A consumer association has called for the French government to seize empty property and use it to accommodate people in need, with the relevant minister saying he could be ‘open’ to the idea.
President of the association Consommation, logement et cadre de vie (CLCV), Jean-Yves Mano, made the call in an interview with Merci pour l’info.
He said: “The right to property is not more important that the right to housing.
“I’ve heard the minister [Town and Housing Minister Olivier Klein] say that he is not against requisitions, but his office has said that it could be difficult to put into practice.”
Mr Mano said that previous presidents had used the system. He said: “Major revolutionaries practised requisitioning successfully. This includes President Jacques Chirac in 1995.”
He added that people whose homes would be requisitioned would be entitled to compensation from the state, as it recognises that owners would not be able to receive rent if the property was being used for government housing.
He said: “Owners would be paid because they won’t be getting rent. But requisitioning would not last forever. It would be for six years maximum.”
French law already covers requisitioning to some extent.
Article L. 642-1 of the Construction and Housing Code (Code de la construction et de l’habitation) states that prefects have authority to “requisition property…which has been vacant for more than 12 months, in municipalities where there are significant imbalances between housing supply and demand, to the detriment of low-income and disadvantaged persons”.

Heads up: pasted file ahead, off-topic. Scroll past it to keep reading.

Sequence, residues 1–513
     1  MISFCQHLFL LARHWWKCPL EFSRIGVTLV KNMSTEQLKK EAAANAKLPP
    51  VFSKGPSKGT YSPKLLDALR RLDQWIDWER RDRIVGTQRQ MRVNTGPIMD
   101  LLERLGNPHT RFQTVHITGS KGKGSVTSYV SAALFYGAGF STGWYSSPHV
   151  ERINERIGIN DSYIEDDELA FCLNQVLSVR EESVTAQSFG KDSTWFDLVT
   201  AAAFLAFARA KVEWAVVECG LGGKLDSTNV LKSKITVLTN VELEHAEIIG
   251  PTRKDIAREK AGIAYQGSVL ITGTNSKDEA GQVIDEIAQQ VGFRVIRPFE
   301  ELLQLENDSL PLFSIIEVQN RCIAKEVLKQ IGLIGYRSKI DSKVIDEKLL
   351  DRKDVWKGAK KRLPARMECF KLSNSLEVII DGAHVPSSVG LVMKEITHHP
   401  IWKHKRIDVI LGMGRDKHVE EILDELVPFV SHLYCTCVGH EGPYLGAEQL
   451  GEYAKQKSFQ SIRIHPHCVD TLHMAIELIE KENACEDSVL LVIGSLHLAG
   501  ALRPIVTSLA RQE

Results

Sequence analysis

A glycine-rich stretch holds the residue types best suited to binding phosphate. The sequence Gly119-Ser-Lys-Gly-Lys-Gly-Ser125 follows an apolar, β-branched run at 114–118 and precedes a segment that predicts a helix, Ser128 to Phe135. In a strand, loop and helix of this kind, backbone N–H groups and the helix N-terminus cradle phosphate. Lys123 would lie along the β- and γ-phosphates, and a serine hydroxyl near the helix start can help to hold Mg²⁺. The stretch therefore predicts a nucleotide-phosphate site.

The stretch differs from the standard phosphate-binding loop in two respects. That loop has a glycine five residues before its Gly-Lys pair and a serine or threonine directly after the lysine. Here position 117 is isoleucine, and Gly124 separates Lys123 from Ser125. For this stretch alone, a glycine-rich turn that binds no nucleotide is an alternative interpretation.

The 1789 Declaration of the Rights of Man and of the Citizen also allows for requisition.
In Article 17, it states: "Since property is an inviolable and sacred right, no one may be deprived of it, except when public necessity, legally established, obviously requires it, and under the condition of fair and prior compensation.”
Minister ‘open’ to idea
Mr Klein’s office has said that “requisition is an avenue to explore”, and said that “public property” had already requisitioned in some cases.
However, the office stated: "Private housing can also be requisitioned…but this often takes several weeks, including the time to warn the owner, and obtain the mayor's agreement.
“It must also fall within the budgetary framework allocated to emergency accommodation. Moreover, 62% of long-term vacant dwellings are vacant because of major works to be carried out, which requisitioning must take into account.”
Second homes and empty properties have hit headlines recently after many communes with housing shortages and tensions increased their taxe d’habitation rates.
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